What prompted you to write this book?
As a writer and a teacher, I have a deep concern for kids living in poverty—these children are often bullied and looked down upon by other kids and even by some adults, all because of the social status of their families. Poverty and prejudice seem to be linked through the generations. The bullying I’ve seen isn’t simply relegated to ‘kid stuff’.  In my opinion, adults can and should be making a difference for the better in the lives of these children—of all children. Many of these kids continue to suffer throughout their lives because they’ve been bullied or intimidated simply because they’re poor. DOG BONE SOUP is a story of the survival and the triumph of a boy who overcomes the odds.

How long did it take you to write it?
I wrote the first complete draft during NANOWRIMO (National Novel Writing Month) in November of 2013, although I had been working on a bare bones outline for several months before that. During the self-editing process I re-read and revised at least ten times before placing the manuscript into the ‘hands’ of two capable editor friends. Then more revisions. By early 2015, I was ready and confident that I would not be totally embarrassed. Writing and publishing is a humbling process. The writing process for DOG BONE SOUP took one year, two months and 13 days.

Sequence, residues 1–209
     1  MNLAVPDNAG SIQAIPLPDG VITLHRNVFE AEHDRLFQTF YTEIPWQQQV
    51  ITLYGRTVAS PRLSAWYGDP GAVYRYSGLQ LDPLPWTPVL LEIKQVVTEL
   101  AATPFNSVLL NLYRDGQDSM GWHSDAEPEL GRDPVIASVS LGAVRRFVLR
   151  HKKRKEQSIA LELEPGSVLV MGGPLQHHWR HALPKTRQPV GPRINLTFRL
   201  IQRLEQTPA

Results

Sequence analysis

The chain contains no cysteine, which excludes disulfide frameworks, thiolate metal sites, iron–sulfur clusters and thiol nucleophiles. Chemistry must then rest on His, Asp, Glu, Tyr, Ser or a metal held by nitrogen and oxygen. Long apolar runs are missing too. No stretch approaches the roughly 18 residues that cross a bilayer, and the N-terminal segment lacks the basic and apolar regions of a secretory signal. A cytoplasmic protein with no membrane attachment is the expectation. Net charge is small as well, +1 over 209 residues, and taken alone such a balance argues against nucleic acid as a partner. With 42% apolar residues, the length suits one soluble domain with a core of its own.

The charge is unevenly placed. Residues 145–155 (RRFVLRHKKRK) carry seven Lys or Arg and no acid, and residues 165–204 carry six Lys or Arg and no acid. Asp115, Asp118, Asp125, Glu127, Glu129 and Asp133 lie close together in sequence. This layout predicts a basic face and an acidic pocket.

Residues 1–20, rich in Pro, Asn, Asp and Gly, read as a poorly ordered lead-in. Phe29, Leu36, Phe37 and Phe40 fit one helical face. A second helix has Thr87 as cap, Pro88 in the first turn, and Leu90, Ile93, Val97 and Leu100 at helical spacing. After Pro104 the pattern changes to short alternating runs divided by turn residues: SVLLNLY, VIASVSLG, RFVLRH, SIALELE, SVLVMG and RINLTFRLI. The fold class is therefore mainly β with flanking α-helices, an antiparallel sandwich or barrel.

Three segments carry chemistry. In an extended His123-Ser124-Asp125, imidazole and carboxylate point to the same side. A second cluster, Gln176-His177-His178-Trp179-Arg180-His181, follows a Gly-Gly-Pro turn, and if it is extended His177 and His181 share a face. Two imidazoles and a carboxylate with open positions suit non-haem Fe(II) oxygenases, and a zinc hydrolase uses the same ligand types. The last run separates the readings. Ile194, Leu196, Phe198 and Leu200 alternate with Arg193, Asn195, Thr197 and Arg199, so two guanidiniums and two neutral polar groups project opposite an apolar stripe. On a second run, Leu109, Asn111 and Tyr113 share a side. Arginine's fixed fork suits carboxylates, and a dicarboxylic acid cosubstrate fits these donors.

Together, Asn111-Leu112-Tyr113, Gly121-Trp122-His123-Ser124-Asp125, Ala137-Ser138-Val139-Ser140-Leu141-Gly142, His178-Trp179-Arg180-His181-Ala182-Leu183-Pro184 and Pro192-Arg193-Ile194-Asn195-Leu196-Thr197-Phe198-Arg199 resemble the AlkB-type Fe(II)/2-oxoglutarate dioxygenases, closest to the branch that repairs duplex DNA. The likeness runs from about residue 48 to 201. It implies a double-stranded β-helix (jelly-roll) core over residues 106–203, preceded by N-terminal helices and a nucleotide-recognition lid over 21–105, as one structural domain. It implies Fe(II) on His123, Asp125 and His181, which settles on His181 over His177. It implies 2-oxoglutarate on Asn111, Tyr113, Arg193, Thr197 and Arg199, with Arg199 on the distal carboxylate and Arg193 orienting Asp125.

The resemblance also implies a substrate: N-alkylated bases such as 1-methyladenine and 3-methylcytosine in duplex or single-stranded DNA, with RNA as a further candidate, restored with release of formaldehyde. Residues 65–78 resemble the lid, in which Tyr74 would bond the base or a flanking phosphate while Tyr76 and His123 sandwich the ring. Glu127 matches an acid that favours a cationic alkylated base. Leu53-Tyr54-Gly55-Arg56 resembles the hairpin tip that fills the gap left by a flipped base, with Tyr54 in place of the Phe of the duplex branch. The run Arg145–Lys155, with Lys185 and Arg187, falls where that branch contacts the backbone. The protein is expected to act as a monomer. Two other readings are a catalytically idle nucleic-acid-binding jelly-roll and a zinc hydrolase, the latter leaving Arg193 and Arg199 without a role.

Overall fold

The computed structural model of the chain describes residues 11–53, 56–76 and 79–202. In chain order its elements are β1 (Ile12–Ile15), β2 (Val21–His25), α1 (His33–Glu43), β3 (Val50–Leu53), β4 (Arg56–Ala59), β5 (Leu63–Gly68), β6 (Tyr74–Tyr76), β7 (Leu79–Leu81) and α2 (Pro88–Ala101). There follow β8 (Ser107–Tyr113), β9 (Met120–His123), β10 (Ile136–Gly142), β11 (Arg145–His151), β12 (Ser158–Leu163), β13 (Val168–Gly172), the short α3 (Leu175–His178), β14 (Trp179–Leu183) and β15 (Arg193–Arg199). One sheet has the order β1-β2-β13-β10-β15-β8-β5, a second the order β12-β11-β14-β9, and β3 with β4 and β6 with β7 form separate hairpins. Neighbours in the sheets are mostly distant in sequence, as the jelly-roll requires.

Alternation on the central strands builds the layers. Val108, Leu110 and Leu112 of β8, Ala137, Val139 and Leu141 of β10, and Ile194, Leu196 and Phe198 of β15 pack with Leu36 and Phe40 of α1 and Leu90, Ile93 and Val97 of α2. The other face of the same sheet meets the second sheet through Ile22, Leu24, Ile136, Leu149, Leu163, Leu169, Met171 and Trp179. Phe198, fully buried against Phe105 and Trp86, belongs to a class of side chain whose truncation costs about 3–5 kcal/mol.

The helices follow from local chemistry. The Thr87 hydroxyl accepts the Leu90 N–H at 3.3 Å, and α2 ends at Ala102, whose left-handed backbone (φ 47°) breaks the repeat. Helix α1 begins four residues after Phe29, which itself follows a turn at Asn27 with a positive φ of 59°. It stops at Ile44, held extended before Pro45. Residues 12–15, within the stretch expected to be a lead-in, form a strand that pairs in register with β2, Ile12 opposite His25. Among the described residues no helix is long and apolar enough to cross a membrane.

Do you have a favorite line from the book?
Here’s a snippet out of a scene from one of the boys’ adventures:

“What on God’s green earth do you two want?”
“Saw your trees out there with branches tippin’ to the ground. Wondered if we could pick some apples. If you like, we’ll pick some for you too.”

“Hell, no! Those apples are mine and they ain’t goin’ to some white trash that lives down the road. I’ll have ’em rot before the likes of you gets a one. Now, get the hell out of here and don’t come back. My shotgun’s standin’ in the corner and I’m not afraid to use it. Now, git!”
Is it published and, if so, when and by whom?
On January 13, 2015, I finally hit the publish button on CreateSpace, an independent publishing platform affiliated with Amazon, and DOG BONE SOUP was ready to ‘dish up.’

How can my readers get a copy of the book?
All of my books—AMAZING MATILDA, THE TANGRAM ZOO AND WORD PUZZLES TOO!, PURE TRASH and DOG BONE SOUP—are available on Amazon. Here is a universal link for readers around the globe:   They’re also available through all major book sellers in both paperback and eBook versions.